Wednesday, April 27, 2005, 03:00 pm PT (06:00 pm ET)
Apple grabs 3.6% PC market share in March quarterApple grabbed 3.6% of total U.S.-based PC shipments in the March quarter, up a full percentage point from the 2.6% obtained by the Mac maker during the year-ago quarter, Merrill Lynch said today.
In a research report released to clients and obtained by AppleInsider, analyst Steve Milunovich said the latest market share figures represent "solid evidence of the halo effect."
Echoing rumors on the Mac web, the analyst said he expects the company to roll out new iMac and eMac systems in order to take advantage of the recent hype surrounding Mac OS X 10.4 "Tiger."
Milunovich also commented on today's announcement of new Power Mac G5 systems, noting that while pricing of the models remains unchanged, "buyers get more bang for the buck." Still, he believes that consumers new to Apple will opt for lower-cost machines such as the iMac and Mac mini.
"The Power Mac G5 constituted almost 22% of Apples computer shipments in F2004," Milunovich wrote in the report. "We suspect this share could decline through 2005 as the iMac G5 and Mac mini are directed to the casual user whereas the Power Mac is better suited for professionals."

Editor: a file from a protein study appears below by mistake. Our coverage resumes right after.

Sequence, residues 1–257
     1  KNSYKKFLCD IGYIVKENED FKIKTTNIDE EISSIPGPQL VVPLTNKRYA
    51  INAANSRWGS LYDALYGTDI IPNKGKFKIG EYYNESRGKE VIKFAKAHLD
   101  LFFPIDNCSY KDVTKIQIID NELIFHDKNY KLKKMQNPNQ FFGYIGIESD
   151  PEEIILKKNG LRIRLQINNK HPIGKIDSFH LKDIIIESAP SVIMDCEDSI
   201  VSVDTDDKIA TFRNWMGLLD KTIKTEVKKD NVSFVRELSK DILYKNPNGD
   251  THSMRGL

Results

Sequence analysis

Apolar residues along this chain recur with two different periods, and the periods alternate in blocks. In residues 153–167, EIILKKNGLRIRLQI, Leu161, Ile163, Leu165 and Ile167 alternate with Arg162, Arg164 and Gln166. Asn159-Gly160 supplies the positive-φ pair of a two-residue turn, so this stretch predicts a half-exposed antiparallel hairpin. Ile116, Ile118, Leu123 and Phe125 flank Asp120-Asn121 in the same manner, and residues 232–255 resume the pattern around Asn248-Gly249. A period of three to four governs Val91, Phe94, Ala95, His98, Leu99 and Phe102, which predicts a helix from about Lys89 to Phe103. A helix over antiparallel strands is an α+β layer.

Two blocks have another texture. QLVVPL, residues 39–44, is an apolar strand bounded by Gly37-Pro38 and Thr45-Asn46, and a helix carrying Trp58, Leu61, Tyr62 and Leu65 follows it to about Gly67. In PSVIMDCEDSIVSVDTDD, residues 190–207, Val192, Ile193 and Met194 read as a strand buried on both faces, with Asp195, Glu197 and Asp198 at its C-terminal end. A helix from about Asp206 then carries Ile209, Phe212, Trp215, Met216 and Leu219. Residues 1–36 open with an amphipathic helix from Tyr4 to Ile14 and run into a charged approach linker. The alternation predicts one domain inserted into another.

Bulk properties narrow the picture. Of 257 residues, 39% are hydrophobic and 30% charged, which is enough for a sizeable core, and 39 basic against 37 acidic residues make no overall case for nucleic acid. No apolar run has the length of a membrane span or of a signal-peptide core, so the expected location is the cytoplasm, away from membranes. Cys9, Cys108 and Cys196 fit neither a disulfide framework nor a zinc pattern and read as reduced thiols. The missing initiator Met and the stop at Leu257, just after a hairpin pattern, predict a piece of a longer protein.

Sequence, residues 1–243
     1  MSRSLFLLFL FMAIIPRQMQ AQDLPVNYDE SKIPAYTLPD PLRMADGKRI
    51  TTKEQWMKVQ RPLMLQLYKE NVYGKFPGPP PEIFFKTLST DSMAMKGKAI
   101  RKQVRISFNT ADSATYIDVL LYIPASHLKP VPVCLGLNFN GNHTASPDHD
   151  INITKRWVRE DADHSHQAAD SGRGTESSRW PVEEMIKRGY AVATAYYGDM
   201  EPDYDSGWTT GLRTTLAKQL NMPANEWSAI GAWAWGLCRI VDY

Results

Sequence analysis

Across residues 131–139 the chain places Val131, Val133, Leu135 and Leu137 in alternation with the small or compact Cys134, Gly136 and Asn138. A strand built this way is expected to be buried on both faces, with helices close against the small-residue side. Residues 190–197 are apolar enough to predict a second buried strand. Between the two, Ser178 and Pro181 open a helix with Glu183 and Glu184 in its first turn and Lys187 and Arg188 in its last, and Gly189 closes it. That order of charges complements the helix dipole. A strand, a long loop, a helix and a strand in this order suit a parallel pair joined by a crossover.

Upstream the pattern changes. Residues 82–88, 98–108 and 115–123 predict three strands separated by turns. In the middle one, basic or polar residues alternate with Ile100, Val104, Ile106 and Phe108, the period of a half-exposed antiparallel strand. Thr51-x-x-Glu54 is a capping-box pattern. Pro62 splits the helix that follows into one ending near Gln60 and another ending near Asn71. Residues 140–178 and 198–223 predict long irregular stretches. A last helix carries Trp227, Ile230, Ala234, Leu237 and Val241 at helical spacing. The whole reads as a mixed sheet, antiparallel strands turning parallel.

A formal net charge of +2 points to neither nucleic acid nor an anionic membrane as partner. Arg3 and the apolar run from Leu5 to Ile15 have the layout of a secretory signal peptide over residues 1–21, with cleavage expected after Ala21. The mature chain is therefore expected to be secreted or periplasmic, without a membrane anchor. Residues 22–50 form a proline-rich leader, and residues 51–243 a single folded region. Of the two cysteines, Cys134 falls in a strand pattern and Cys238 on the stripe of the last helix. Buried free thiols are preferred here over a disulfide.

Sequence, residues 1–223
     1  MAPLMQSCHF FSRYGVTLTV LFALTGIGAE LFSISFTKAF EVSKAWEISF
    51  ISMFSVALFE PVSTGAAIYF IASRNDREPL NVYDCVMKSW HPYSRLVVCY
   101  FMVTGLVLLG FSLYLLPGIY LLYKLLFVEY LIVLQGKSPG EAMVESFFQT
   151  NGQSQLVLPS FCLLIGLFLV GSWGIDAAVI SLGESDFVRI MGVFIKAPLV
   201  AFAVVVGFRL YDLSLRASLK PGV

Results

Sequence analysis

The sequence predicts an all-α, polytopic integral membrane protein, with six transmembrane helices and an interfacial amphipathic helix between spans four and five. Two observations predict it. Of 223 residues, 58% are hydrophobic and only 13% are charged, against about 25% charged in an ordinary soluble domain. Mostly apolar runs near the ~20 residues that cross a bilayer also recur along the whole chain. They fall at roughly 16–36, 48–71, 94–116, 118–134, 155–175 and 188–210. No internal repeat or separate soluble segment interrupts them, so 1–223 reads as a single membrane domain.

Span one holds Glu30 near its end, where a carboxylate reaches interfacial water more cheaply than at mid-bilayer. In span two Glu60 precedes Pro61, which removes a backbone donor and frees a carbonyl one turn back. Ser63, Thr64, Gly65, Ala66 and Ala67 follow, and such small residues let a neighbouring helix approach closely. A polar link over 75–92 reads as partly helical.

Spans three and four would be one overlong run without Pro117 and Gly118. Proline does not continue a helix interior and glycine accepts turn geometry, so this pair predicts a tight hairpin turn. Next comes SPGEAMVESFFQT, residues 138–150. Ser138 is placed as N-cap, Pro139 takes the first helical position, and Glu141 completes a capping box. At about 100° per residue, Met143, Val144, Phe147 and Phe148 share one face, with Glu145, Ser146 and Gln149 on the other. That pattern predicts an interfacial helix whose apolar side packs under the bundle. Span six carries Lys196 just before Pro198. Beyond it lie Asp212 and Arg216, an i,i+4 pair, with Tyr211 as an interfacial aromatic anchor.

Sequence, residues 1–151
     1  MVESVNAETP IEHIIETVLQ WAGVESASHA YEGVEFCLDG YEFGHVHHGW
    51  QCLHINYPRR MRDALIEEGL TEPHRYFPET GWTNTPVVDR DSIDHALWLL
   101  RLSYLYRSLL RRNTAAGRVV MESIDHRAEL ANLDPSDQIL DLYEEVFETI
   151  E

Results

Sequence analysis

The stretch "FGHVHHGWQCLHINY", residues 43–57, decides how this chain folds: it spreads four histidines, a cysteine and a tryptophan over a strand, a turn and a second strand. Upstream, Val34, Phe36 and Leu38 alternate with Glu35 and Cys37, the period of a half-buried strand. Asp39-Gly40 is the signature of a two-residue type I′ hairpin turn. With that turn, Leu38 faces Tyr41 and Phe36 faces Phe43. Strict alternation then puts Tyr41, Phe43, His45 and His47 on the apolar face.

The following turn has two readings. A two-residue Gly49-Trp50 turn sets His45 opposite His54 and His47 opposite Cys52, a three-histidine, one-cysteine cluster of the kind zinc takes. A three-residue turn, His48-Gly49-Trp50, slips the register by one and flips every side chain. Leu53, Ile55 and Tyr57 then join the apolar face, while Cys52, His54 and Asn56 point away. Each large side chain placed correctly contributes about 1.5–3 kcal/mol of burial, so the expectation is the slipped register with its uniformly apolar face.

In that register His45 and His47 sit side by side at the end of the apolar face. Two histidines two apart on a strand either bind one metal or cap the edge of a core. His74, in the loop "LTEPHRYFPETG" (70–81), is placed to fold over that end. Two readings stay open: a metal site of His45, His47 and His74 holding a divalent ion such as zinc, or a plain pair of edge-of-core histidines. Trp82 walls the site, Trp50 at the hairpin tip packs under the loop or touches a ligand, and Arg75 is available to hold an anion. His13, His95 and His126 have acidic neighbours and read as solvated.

His firm believes the price drop on Apple Cinema Displays will ease the burden for professionals who prefer to work with dual monitors.
Merrill Lynch reiterated its "Buy" rating on Apple stock with a price objective of $51 per share. "The stock broke its 50-day moving average, which caused short-term underperformance," the firm said. "But in a growth sector lacking growth, we think investors should be attracted to Apple."
On Topic: General
- Apple opens iTunes donations for 'City of Hope' cancer charity, moves beyond natural disaster relief
- PayPal purportedly cut out of Apple Pay due to partnership with Samsung
- Pebble smartwatch gets $50 price cut, background tracking for fitness & sleep
- Microsoft looks to distance itself from Windows 8, jumps to Windows 10
- European Commission finds Ireland's tax deal with Apple amounts to illegal state aid